How to Prepare for Emerging Gaming Today – Vegas Seven

In this week’s Green Felt Journal, I expand a little on my testimony in front of the Gaming Policy Committee:

During a meeting convened by Governor Brian Sandoval earlier this month, the task before the Gaming Policy Committee was clear: Figure out how Nevada can adapt to emerging gaming—a sprawling, shifting area that, right now, comprises three main groups: daily fantasy sports (DFS), skill gaming and e-sports—without compromising its reputation as the “gold standard” of gaming regulation. The stakes are high: Failure to adjust quickly may mean that the state’s gaming industry goes the way of faro table manufacturers.

More: How to Prepare for Emerging Gaming Today – Vegas Seven

I could have written a few thousand more words on this. Gaming is (I think) in the not-so-early stages of a historic shift. Just look at how the bigger category of games has changed in the past 20 years. I’m interested in seeing how board game sales, for example, have fared, and how home “gaming” (in the broadest sense) has changed since the introduction first of consoles, then PC, then mobile games.

How a Few Regulators Saved the Nevada Gaming Industry | Vegas Seven

In this week’s Green Felt Journal, I consider how strict regulation with room for discretion helped save Nevada gaming in the 1960s:

Sawyer’s “hang tough” policy emerged at a crucial time: Bobby Kennedy’s Justice Department would ratchet up pressure on Nevada casinos starting in 1961, and without the good-faith efforts of Sawyer’s appointees to clean house, more sweeping federal action seemed inevitable.

via How a Few Regulators Saved the Nevada Gaming Industry | Vegas Seven.

Olsen’s role is particularly important. If you ever at UNLV Special Collections, I strongly suggest reading his oral history.

Online gambling, taxes, and regulation

Some federal debate on legalizing and taxes online gambling, from the LVRJ:

Democrat Shelley Berkley said she backs legalizing Internet gambling, but said it is too early to think about taxing it.

“Because the industry is not even established yet, I can’t imagine how we can know with any degree of certainty how the special tax would affect operators or customers,” she said.

“Let’s legalize Internet gaming, regulate it, and watch the industry develop and grow in the United States,” she said. “This is not the place to find (revenue) nor the method to get at it. I strongly believe that our economy, our consumers, and the future U.S. internet gaming industry will be better served by legalization and regulation — not by taxation.”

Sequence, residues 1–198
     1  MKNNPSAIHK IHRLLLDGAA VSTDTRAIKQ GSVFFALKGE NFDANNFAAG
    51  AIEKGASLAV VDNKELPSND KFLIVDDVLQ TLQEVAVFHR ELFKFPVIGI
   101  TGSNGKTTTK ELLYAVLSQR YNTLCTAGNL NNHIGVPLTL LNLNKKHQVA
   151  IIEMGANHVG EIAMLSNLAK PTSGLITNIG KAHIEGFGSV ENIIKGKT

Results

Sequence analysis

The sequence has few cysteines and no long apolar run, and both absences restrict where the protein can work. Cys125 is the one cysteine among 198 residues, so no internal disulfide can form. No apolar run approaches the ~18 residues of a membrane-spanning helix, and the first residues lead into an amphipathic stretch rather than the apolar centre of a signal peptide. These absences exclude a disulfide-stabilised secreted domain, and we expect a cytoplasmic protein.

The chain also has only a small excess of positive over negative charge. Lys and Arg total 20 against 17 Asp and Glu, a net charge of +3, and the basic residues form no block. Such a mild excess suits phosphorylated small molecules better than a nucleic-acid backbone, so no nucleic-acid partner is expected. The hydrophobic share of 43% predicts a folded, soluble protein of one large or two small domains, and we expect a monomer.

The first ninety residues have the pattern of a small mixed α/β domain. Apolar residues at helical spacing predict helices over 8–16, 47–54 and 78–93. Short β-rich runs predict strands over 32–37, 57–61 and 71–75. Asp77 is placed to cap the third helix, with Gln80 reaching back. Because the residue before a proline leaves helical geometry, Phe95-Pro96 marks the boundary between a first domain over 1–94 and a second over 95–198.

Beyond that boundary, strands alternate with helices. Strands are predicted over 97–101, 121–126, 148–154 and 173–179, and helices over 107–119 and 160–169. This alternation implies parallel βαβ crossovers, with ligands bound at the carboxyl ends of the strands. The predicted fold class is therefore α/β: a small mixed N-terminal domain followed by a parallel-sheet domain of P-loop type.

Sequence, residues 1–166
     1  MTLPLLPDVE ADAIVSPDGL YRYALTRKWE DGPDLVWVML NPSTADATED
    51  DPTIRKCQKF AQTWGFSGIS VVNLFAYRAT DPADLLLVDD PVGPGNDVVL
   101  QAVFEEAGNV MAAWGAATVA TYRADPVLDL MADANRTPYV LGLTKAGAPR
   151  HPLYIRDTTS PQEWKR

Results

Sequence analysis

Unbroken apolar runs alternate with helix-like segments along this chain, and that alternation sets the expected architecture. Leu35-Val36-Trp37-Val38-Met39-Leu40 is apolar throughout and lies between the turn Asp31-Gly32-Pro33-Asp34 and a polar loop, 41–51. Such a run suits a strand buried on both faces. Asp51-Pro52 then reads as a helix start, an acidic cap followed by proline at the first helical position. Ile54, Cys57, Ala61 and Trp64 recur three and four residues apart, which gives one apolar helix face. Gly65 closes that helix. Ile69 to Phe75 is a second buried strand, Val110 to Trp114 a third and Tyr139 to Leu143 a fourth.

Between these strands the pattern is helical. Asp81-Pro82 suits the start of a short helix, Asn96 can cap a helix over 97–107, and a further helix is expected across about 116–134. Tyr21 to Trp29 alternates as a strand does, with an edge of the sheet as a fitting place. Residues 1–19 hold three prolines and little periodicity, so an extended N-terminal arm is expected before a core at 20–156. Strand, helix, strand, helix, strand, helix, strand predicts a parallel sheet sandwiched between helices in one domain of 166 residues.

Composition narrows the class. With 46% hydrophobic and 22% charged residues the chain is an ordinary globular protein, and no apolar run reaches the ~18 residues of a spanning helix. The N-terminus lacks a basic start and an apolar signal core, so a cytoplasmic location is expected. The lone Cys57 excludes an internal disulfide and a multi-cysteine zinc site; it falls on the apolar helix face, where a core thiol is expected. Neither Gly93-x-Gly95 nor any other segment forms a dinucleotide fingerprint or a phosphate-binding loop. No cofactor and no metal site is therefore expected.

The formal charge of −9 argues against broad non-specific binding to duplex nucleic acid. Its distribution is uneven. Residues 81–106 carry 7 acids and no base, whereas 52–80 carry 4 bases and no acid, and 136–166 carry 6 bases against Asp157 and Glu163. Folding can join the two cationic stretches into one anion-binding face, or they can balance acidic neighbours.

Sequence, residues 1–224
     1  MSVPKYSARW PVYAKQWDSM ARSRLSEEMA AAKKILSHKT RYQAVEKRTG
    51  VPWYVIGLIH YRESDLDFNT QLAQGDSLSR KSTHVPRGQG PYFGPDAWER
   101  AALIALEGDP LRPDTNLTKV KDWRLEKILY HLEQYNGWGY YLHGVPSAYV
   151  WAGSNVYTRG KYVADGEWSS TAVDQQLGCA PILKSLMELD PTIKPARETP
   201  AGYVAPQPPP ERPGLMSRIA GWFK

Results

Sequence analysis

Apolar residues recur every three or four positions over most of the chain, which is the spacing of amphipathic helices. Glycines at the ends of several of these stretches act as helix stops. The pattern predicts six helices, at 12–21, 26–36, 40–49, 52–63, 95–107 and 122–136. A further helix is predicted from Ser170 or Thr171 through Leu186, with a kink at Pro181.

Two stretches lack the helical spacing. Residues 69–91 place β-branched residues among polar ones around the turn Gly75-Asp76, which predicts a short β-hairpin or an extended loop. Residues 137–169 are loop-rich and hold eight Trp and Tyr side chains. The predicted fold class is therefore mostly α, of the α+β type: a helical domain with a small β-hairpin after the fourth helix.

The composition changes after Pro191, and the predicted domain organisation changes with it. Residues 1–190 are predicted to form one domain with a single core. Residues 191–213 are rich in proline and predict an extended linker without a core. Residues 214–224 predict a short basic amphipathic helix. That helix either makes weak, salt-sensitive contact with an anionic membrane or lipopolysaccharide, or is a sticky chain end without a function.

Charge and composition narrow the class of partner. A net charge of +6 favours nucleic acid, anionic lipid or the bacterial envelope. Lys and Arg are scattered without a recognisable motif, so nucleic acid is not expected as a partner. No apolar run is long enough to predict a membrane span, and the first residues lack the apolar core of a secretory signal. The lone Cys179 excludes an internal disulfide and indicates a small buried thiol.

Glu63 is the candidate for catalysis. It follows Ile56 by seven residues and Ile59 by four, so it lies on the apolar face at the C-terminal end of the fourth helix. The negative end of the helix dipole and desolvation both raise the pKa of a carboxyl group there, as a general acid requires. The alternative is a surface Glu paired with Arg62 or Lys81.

ONLINE GAMBLING: Promise of big money fails to lure support for online gaming – Business –

I think that Berkley is right on here. There are some great arguments for legalizing online gambling; filling budget gaps isn’t one of them. From a philosophical point of view, I’d say the most compelling argument for legalization is that, like gambling at casinos, this is something that Americans want to do, and that most people can do without causing harm to themselves or others. If you’re looking at it as a form of entertainment, it’s no different than spending the money on buying digital downloads of media content; if you’re looking at it as gambling, it’s no different from buying lottery tickets, which many people can do at convenience stores in their own neighborhoods. Is there really a moral distinction between buying lottery tickets and playing $0.10/$0.20 Hold’Em online? If anything, online poker’s the better choice, because at least it can help people develop their math skills.

What about the money? Would legalizing online gambling bring state budgets back into the black? I don’t see how that’s possible. A little while ago, I took on this issue in a post called The Virtue of Vice. In the next fiscal year, states are facing a combined $89 billion budget shortfall. If you accept the $72 billion-over-ten-years figure for online gaming revenues, it should be clear that even if you took ten years worth of all of the revenues for online gambling and turned it over to the states, it wouldn’t get them out of the red, even for a single budget.

If we had total state tax revenues of $3 billion from online gambling this year, it would cover a little more than 3% of the current combined budget shortfall.

Crunching McDermott’s few numbers (states and tribes will keep $30 billion out of $72 billion) shows that he’s projecting a tax rate of nearly 42%. That’s pretty high (well above Nevada’s 6.75% rate), and I’m not sure that a fledgling industry can support that kind of tax burden. Maybe it can, but as Berkley suggests, it’s impossible to say until we actually know what the industry’s going to be like.